East Pine, you look so much taller! There have been some important, um, developments for multi-story developments this week on E Pine that will open the door to coming-soon construction on four consecutive blocks of the street at 15th Ave — 13th Ave — and 11th. For one project in the news this week, it took years of process and a City Council re-zone. For another, it took years of process. And $3.7 million.
HAL Real Estate of Seattle has sold the site of its long-delayed Cameo Apartments project on Capitol Hill to Continental Properties of Bellevue for $3.7 million, according to county records.
We reported back in February that the plans for the project had been dusted off and that HAL Real Estate was looking for an investor to buy the property and develop the 6-story, mixed use building. The project passed through the city’s design review process and now Continental Properties will carry it forward with construction planned to start this month at the site currently home to a parking lot on the block of E Pine between 14th and 15th Ave. Continental says the project should be completed by spring 2013. The company is also behind the development of this 3-story apartment building planned for the edge of the Harvard-Belmont area at 1145 10th Ave E.
The Cameo wasn’t the only 6-story project on upper E Pine to make progress this week. After getting permission from the a Seattle City Council-approved re-zone in June 2010, the city’s Hearing Examiner this week upheld the decision and DPD issued the land use permit this week for a 65-foot tall mixed-use building at the northwest corner of 13th and E Pine:
Council Land Use Action to rezone 15,400 sq. ft. of property from NC3P-40′ to NC3P-65′ (Contract Rezone) located between East Pine St. to the south, 13th Ave. to the east, 1210 East Pine St. to the west and 1615 13th Ave. to the north. Project includes a Land Use Application to allow a six-story building containing 6,798 square feet of general retail sales and services (office use) at ground level with 75 residential units above, and below-grade parking for 70 vehicles. Project also includes 7,803 cubic yards of grading and demolition of the existing structures. Council File number 309451. All grading and demolition to be done under separates construction permits, per plans.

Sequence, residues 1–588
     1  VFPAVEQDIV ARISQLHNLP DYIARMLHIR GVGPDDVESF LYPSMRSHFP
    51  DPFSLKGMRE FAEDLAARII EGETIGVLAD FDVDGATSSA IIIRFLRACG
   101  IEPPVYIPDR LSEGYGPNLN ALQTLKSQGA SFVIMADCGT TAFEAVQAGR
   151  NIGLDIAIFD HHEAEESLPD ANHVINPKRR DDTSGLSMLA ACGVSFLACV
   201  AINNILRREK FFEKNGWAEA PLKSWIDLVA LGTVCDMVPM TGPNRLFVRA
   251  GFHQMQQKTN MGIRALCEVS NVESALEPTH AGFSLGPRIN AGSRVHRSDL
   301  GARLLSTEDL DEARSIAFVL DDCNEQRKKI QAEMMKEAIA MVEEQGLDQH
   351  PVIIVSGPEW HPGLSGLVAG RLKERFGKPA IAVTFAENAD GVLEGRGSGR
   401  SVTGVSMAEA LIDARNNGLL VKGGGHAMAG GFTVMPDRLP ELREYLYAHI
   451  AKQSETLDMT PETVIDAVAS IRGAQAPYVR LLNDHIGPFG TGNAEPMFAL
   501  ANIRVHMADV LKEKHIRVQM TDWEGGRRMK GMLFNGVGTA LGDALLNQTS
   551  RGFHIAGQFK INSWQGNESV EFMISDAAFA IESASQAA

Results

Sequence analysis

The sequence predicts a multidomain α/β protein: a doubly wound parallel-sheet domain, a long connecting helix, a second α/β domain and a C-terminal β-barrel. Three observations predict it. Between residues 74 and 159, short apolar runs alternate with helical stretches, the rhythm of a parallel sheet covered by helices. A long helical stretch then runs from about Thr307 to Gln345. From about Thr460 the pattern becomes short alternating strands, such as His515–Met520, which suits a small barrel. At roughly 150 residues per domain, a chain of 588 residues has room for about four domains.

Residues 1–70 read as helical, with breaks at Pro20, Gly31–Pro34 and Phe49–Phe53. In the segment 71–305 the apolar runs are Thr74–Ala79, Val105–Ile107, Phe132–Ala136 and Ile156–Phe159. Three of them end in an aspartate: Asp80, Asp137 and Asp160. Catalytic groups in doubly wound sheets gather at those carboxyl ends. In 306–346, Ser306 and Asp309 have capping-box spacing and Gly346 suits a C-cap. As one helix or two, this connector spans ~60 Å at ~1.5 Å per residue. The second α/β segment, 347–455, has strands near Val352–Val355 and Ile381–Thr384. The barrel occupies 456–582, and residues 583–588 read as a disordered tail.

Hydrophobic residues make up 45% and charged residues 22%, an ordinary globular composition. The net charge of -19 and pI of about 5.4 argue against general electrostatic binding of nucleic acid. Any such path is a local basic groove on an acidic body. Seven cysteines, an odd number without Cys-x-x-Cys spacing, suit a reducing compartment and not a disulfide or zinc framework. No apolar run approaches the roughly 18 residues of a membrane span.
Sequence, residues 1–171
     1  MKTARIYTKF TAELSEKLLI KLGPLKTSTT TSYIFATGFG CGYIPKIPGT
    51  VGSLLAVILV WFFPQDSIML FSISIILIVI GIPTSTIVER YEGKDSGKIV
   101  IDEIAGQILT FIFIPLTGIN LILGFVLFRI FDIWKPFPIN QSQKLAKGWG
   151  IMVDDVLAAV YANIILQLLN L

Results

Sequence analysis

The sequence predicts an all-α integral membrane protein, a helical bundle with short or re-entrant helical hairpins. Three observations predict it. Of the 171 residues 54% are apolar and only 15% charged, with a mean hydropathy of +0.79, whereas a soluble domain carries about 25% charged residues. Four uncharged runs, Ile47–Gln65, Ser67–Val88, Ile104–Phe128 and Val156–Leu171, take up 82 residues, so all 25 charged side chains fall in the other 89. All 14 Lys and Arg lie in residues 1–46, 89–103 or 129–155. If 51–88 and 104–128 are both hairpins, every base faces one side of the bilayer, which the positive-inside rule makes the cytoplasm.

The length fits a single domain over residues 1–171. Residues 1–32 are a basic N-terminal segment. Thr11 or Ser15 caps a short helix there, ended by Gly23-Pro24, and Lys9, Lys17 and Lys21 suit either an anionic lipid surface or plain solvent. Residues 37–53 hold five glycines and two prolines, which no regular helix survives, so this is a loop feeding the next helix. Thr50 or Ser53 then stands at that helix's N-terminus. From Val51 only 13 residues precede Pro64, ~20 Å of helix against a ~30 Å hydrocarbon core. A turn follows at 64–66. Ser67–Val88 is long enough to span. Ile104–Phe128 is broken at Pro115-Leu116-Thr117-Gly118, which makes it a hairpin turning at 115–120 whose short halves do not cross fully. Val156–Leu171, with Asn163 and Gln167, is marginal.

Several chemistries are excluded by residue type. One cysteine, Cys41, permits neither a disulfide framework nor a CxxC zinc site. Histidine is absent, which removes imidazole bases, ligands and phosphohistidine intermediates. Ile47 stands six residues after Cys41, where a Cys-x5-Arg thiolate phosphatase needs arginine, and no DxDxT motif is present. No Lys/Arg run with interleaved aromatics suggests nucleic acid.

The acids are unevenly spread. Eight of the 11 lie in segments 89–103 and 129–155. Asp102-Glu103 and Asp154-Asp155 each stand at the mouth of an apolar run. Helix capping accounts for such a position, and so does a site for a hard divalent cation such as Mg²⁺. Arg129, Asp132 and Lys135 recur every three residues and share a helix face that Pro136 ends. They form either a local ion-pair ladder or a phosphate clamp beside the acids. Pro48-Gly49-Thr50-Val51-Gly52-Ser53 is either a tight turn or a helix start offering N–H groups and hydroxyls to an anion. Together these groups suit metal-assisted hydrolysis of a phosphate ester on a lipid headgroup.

Meanwhile, don’t forget about the 6-story project just off Pine on 14th Ave currently going through the design review process. The Bella Vita apartments will incorporate the retail stretch now known as “the Porchlight building.” Design reviews for that project and the 12th Ave Arts development were held Wednesday night. Capitol Hill Housing’s 12th Ave Arts will have to come back for a second session in the early guidance phase — if you stuck around for the late design review board session and know if Bella Vita is also coming back for a second meeting, let us know.
For now, the Roger Newell designed 1222 E Pine project still needs its construction and demolition permits before any work can begin. The site is currently home to a parking lot and a quirky “rug outlet” store. Newell did not respond to our inquiries regarding the plans for the start of construction on the project.
Jeff Reibman, senior associate for architect Weber Thompson, did respond, however. With this activity along E Pine, we were curious to know more about what was happening with another project on the street — this one at the corner of 11th Ave. Reibman says the plan for construction to already be underway on the Sunset Electric mixed-use building may have been scrapped but that the project is still happening. “The project is still active and is in the final phases of the building permit process,” Reibman tells us.
The ambitious project will incorporate a facade of the old Sunset Electric factory where the 11th and Pine poster wall stands today. The Sunset Electric project will include 95 residential units above the restored auto row building with two-floor tall commercial spaces at ground level. The name refers to a manufacturing company that called the 1916 building home for a time. It is also known as the Spray King building and was once home to Winton Motor Co., according to neighborhood activist Dennis Saxman. The project is participating in the city’s Priority Green Pilot Program. We published this series of artist renderings of the project here.